Climate change could lengthen travel time between the UK and US, increasing pollution and ticket prices, a new study has found.
Global warming is likely to accelerate the jet stream, which is a high-altitude wind blowing from west to east across the Atlantic.
As a result, westbound flights would be slowed down, yet travel time from North America to Europe would speed up, researchers at the University of Reading have found.
This effect of climate change could have major implications for airlines, passengers and airports.
Dr Paul Williams, who led the study, believes that transatlantic flights will spend an extra 2,000 hours in the air every year, resulting in $22 million (£15.2 million) extra fuel costs. (See the video above)
The route between Europe and North America is one of the busiest in the world, with about 600 flights every day.
Researchers found that the winds on the New York to London route will become 15% faster on average.
Flights from London will become twice as likely to take longer than seven hours while flights from New York will speed up and will become twice as likely to take less than five hours and 20 minutes.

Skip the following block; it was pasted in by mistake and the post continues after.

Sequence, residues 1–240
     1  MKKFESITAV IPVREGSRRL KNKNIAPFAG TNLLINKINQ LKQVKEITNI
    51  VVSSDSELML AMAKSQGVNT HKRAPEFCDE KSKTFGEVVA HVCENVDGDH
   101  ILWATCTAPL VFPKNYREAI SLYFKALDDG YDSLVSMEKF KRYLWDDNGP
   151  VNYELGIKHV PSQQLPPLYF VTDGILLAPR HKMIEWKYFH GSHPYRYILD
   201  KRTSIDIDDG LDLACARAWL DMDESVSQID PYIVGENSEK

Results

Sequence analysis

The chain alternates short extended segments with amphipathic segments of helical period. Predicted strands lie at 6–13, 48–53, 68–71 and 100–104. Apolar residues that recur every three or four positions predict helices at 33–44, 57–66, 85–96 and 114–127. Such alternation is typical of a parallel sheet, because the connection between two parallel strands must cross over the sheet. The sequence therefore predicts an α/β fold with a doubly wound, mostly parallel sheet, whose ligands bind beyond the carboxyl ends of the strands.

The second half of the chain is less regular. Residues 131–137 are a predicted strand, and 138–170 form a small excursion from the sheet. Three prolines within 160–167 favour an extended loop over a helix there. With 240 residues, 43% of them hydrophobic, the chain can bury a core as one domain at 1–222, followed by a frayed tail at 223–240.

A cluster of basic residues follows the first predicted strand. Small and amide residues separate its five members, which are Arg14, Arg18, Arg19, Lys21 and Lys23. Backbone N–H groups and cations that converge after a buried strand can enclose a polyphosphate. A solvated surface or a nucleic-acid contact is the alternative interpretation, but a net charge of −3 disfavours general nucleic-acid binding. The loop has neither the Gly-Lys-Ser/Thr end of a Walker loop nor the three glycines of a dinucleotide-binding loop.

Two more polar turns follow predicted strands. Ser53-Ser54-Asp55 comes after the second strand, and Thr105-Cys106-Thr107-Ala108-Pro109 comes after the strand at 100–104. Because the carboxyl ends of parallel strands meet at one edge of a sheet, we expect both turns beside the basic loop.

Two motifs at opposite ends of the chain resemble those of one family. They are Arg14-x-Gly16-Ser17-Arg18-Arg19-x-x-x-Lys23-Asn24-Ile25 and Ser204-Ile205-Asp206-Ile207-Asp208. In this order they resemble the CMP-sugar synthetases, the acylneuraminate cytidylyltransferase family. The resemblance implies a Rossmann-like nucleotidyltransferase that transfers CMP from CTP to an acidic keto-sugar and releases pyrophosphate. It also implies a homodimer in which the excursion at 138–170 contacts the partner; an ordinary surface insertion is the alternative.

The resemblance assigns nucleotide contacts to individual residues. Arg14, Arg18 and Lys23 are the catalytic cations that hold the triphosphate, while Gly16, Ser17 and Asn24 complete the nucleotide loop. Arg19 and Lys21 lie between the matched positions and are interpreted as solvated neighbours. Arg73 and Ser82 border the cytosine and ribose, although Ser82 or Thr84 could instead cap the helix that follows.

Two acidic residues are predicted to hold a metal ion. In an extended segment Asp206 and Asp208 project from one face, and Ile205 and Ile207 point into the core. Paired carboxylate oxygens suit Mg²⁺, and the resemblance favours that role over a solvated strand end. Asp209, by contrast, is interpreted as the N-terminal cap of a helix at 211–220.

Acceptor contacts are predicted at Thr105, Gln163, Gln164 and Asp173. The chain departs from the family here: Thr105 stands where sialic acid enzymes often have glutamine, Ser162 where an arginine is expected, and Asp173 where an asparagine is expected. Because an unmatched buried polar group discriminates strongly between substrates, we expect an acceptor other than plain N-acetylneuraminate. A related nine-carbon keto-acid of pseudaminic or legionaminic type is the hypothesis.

On average, flights will only gain and lose a few minutes each way, yet the overall impact is expected to be "significant".
“The aviation industry is facing pressure to reduce its environmental impacts, but this study shows a new way in which aviation is itself susceptible to the effects of climate change,” Dr Williams said.
“The bad news for passengers is that westbound flights will be battling against stronger headwinds.
“The good news is that eastbound flights will be boosted by stronger tailwinds, but not enough to compensate for the longer westbound journeys. The net result is that roundtrip journeys will significantly lengthen.
“This effect will increase the fuel costs to airlines, potentially raising ticket prices, and it will worsen the environmental impacts of aviation.”
The study, which was published in the IOP journal Environmental Research Letters on Wednesday, assessed the effects of doubling the amount of CO2 in the atmosphere, which could happen within the next few decades unless emissions are drastically reduced.
Researchers believe that as well as worsening the environmental impacts of aviation, airlines are likely to increase ticket prices to cover their costs.
The study explains that, while the impacts of aviation on climate change have long been recognised, the effect of climate change on aviation is a fairly new revelation.
Impacts of climate change on aviation include intensified turbulence and increased take-off weight restrictions.
“The jet stream encircles the globe, and there is one in the southern hemisphere too. It is possible that flights elsewhere in the world will also suffer from a similar jet stream effect,” Dr Williams said.